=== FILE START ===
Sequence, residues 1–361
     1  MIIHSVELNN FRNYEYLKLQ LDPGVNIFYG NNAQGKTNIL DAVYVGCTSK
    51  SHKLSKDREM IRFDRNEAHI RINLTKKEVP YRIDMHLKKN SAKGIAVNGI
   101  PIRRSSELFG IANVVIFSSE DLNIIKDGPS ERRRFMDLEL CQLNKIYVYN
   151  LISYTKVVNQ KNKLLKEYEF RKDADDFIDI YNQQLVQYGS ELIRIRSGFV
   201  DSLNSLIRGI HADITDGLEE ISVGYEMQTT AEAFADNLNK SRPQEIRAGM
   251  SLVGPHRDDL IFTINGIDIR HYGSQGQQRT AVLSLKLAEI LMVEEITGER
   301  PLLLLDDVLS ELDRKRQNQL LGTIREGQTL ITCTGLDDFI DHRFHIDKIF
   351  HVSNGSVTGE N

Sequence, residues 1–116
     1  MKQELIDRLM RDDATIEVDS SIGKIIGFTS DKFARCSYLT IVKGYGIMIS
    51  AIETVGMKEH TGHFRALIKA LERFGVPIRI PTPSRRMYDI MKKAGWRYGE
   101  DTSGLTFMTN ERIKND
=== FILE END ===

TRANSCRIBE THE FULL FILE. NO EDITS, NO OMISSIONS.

Sequence, residues 1–361
     1  MIIHSVELNN FRNYEYLKLQ LDPGVNIFYG NNAQGKTNIL DAVYVGCTSK
    51  SHKLSKDREM IRFDRNEAHI RINLTKKEVP YRIDMHLKKN SAKGIAVNGI
   101  PIRRSSELFG IANVVIFSSE DLNIIKDGPS ERRRFMDLEL CQLNKIYVYN
   151  LISYTKVVNQ KNKLLKEYEF RKDADDFIDI YNQQLVQYGS ELIRIRSGFV
   201  DSLNSLIRGI HADITDGLEE ISVGYEMQTT AEAFADNLNK SRPQEIRAGM
   251  SLVGPHRDDL IFTINGIDIR HYGSQGQQRT AVLSLKLAEI LMVEEITGER
   301  PLLLLDDVLS ELDRKRQNQL LGTIREGQTL ITCTGLDDFI DHRFHIDKIF
   351  HVSNGSVTGE N

Sequence, residues 1–116
     1  MKQELIDRLM RDDATIEVDS SIGKIIGFTS DKFARCSYLT IVKGYGIMIS
    51  AIETVGMKEH TGHFRALIKA LERFGVPIRI PTPSRRMYDI MKKAGWRYGE
   101  DTSGLTFMTN ERIKND